Footwear week rolls on with my last reveal of highlights from the Mark McNairy SS10 collection. The man got a lot of ACL play this week, but the shoes are strong so why fight it? With the fall 2009 collection hitting stores, and the McNairy Bass Weejuns making their first waves, it is time for a new round of English made goodness. In my mind it is not since the P-51 Mustang has there been such a beautiful Anglo-American partnership. Okay, I’m going crazy but the shoes look damn good. The collection (along with the new Bass Weejuns) will be on display at Capsule this coming week.


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Mark McNairy for Bass Weejuns

Jul 14th, 2009 | Categories: Collaborations, Footwear, Made in the USA, Maine | by Michael Williams

How can you improve on an iconic shoe? That is exactly what Mark McNairy was tasked with when creating his new co-labeled collection of Bass Weejuns. Obviously the shoes had to be made in Maine and from high quality materials like Horween Shell Cordovan and real alligator. And naturally the shoes had to have a twist. What Mr. McNairy (who is also the J. Press creative director and has his own English made shoe collection under his name) accomplished is nothing short of genius. Granted I’m biased, but there is not one pair of shoes in his collection that I don’t want to steal. When I first found out about the new collection I was so happy that Mark was going to be designing everything — I couldn’t think of a better man for the job. What is pictured below is about one fifth of the special Weejuns collection. (The full range will be at Capsule next week if you are a store and want to buy / see the line. The shoes hit retailers come SS10.)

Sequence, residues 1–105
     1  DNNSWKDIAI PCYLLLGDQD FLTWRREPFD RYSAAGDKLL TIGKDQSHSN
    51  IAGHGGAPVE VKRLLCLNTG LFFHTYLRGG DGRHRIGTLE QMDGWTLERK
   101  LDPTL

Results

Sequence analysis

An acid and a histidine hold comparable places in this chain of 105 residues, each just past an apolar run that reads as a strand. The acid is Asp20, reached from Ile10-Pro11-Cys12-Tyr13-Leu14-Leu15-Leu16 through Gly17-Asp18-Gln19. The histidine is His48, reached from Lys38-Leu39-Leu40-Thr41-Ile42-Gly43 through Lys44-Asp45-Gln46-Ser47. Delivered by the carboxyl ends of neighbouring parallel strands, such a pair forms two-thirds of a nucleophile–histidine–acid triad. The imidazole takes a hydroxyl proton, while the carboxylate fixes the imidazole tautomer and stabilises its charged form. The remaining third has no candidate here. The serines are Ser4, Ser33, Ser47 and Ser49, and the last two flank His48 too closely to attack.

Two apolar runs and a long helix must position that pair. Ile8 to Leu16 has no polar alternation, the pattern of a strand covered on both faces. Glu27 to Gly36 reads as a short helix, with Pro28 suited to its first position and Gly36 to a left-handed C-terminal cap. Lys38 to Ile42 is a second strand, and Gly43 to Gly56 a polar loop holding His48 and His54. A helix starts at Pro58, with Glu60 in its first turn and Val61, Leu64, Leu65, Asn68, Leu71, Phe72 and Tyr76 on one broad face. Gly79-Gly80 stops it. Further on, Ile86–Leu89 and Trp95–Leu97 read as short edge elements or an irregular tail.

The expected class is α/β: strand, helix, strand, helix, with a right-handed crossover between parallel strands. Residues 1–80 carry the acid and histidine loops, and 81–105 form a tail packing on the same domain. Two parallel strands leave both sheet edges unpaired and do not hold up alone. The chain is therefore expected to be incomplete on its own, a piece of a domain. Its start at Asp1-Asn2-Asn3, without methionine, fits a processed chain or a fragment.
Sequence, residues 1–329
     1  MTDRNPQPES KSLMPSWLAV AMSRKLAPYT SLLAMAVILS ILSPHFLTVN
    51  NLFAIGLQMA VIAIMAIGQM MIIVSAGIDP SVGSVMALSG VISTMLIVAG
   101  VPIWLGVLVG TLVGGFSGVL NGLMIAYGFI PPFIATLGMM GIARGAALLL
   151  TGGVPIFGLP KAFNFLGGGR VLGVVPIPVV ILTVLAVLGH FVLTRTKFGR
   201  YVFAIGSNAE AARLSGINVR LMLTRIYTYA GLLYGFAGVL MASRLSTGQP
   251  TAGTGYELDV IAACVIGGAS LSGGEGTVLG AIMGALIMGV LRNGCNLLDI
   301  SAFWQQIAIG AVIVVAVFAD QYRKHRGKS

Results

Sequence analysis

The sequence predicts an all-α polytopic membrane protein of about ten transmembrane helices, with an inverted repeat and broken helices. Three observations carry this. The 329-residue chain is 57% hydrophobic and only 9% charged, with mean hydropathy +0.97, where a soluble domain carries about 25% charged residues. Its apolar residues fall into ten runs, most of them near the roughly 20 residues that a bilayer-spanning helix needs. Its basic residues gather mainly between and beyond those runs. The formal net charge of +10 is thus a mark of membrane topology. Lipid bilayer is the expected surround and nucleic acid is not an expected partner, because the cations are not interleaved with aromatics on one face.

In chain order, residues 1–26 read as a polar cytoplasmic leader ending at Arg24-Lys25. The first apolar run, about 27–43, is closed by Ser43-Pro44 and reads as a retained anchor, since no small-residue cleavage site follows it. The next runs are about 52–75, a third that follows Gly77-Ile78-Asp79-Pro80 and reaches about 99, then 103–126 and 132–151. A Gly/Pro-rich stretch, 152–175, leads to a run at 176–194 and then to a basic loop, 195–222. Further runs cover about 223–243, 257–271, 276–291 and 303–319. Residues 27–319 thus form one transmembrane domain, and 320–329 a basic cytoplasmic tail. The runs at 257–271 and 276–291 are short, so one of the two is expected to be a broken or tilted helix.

Red Brick Soul by Mark McNairy

Jan 13th, 2009 | Categories: England, Footwear | by Michael Williams

My good bud and Tokyo travel partner Mark McNairy has recently launched a footwear range called Red Brick Soul under his eponymous label. The really nice looking white and dirty bucks, saddle shoes, chukka boots, and loafers are all made in England and all feature — as the name suggests — red brick soles. The shoes — which will be available for purchase this fall — feature Goodyear Welt construction and are priced from $285 to $550. Personally, I love the versatility of a chukka boot or a dirty buck. The saddle shoes even look good and I’m not normally very keen on saddle shoes.